Sunday, September 4, 2016

Grace: A China Diary 1910-16 Will Be Published

Grace and Harvey Roys, my maternal grandparents, probably 1911 or 1912, Possibly in Kuling, maybe it will be on the cover of the book Grace.

Grace: A China Diary, 1910-1916, is a transcription of the diary my grandparents Grace and Harvey Roys kept in China 1910-1916, with my careful, extensive annotations.  I first became interested in this diary some years ago, because Grace had suffered from bi-polar disease before it was well understood.  My mother’s fear that her daughters would also suffer mental illness hung over my childhood and adolescence.  Twelve years ago I decided to annotate the diary, which I hoped would help me understand Grace better.  

In the meantime I have written and published other books, but at intervals I researched Grace’s life in Nanking.  With the encouragement of Marie, a fellow writer, and Sam Hammond, who recently retired from Duke’s Rubentstein Library staff and is still the University Carillonneur, I did extensive research to follow up on all the people mentioned in the diary as well as on many of the domestic details. I also consulted Emeritus Professor Lawrence Kessler, who published The Jiangyin Mission Station: An American Missionary Community in China:1895-1951 (Chapel Hill, NC: UNC Press, 1996); he read the manuscript twice and gave me suggestions. My friend by email, Edith Barakat, born to missionaries serving in another part of China, helped me tremendously with the research.  My siblings and cousins have also cheered me on!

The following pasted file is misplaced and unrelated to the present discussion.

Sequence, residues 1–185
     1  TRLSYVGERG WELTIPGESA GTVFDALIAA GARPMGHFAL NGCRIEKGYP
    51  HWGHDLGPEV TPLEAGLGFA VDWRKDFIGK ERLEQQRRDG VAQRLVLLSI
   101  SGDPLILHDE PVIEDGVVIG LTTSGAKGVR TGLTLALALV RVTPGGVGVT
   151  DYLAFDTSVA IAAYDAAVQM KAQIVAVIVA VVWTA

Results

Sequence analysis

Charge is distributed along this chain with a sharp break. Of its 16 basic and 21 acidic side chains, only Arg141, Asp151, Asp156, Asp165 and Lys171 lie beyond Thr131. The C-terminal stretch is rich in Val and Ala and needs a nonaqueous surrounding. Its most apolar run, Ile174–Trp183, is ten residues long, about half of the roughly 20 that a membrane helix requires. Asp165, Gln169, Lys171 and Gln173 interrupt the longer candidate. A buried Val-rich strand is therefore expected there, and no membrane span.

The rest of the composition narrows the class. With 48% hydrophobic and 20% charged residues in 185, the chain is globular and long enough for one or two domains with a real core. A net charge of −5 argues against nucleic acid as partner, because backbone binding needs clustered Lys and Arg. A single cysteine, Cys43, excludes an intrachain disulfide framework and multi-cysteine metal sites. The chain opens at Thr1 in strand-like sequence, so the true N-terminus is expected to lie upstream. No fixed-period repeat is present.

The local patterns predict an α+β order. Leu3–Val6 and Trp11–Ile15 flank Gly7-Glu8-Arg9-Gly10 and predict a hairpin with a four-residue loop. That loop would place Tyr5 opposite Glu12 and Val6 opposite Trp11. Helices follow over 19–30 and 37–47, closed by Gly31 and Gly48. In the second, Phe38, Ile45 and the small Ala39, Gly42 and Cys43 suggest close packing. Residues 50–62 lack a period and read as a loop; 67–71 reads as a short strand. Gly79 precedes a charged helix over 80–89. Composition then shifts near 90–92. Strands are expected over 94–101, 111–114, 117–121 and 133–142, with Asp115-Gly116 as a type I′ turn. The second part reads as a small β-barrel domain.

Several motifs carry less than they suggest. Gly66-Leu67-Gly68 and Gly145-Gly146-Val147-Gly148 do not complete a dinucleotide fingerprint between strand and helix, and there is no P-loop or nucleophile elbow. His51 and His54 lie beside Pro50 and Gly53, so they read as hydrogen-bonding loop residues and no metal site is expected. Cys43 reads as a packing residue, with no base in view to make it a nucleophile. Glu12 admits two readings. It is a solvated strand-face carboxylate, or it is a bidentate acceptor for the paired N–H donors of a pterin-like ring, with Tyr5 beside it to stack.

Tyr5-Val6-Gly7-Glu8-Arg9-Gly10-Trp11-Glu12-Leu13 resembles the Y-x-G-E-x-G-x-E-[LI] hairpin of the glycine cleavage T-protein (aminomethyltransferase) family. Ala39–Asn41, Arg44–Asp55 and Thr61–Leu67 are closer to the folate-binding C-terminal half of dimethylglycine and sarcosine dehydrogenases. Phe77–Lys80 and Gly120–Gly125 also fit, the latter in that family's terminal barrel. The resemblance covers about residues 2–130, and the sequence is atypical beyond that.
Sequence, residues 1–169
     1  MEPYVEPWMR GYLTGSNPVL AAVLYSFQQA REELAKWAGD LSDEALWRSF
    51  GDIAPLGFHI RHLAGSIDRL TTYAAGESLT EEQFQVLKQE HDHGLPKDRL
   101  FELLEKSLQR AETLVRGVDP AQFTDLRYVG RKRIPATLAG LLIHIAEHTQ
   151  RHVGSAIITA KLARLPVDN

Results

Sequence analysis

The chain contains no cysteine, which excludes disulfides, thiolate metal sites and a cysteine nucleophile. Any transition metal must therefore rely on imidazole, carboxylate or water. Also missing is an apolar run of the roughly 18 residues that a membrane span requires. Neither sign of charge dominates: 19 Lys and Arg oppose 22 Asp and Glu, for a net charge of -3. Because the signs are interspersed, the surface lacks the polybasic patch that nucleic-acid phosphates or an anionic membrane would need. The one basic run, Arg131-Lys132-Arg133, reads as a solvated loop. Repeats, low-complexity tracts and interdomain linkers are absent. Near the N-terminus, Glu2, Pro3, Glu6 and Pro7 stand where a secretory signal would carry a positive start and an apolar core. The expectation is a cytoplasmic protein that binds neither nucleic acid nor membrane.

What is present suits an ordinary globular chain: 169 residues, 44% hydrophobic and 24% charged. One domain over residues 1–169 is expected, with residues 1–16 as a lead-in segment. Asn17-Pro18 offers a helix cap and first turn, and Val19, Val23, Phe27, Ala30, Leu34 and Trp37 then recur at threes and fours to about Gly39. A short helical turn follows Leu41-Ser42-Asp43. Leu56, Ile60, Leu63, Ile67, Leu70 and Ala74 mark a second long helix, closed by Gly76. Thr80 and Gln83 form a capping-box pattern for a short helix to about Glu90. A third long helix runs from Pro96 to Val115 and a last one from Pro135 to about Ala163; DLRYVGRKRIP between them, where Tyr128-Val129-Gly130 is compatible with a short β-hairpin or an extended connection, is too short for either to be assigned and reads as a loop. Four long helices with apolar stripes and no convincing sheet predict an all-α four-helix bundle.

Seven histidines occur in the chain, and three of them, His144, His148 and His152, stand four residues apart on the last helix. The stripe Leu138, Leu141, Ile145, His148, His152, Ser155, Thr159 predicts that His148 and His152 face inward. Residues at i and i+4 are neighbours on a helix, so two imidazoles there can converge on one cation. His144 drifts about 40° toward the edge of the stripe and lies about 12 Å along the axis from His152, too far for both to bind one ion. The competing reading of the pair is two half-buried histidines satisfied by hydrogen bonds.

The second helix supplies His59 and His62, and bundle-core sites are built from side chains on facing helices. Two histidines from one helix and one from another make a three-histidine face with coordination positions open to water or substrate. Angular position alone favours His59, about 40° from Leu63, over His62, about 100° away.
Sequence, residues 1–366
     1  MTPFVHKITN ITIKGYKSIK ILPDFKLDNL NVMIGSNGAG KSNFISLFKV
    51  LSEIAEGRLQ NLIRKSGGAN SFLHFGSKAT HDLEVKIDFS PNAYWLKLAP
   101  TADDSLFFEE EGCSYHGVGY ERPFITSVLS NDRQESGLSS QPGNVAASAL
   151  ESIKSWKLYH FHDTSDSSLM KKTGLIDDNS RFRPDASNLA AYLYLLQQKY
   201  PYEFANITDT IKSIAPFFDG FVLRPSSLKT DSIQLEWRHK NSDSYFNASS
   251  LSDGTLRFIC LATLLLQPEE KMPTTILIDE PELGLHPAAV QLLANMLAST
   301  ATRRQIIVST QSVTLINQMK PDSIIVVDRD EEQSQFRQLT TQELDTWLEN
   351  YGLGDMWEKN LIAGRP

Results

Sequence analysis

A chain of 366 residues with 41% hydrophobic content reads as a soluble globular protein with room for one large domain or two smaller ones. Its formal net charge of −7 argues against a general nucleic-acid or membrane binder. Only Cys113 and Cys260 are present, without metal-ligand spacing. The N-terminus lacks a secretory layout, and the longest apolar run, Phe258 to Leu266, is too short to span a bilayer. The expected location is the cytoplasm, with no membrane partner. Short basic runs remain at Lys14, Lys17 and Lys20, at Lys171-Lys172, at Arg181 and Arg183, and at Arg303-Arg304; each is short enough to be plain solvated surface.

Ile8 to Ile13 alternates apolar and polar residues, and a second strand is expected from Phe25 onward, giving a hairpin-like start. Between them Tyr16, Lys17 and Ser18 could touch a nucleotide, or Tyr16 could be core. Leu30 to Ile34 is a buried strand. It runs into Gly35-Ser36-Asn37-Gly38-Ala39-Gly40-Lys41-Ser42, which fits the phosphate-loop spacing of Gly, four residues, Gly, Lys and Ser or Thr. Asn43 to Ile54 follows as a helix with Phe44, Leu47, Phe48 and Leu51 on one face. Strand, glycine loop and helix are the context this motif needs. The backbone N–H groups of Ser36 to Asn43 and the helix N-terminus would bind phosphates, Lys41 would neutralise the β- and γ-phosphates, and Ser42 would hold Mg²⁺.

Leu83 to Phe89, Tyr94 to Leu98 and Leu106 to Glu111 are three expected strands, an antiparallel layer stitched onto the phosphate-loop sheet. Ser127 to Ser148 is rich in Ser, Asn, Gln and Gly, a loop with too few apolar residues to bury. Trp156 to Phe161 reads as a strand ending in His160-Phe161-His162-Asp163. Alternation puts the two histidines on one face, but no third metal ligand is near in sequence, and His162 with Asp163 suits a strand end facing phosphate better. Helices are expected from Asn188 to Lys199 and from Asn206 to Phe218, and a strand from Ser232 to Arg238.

In December 1910 Grace and Harvey were married, despite her having had a mental breakdown weeks earlier when her missionary father forbade the marriage.  The diary records their early married life, the births of their first two children, their social life with other missionaries in China, many of whom made major contributions to Nanking life and education: medical doctors and nurses; theology professors; agricultural innovators; founders of universities, hospitals, nursing schools, and schools for young Chinese women and men.  

Grace has been accepted for publication by Wipf and Stock, a religious publisher in Eugene, Oregon.  Actual publication is likely to be in 2017 or even 2018.  This gives me great joy, to bring Grace Roys’s life and suffering to the public.

As to its possible audience, Grace should contribute to understanding what a Protestant missionary’s life was like in the early 1900s in China.  This book should appeal to those interested in missionary and Protestant denomination history, women’s history, and how mental illness was treated in China among the missionaries in the early 20th century.


Left to right, Grace, Jeanie, Grace's younger sister, baby Margaret (my mother), Charlie, the youngest brother of Grace, Samuel Isett Woodbridge, Grace's father, on the steps of their Nanking home, late 1913.  Note Charlie's irreverent dirty feet.

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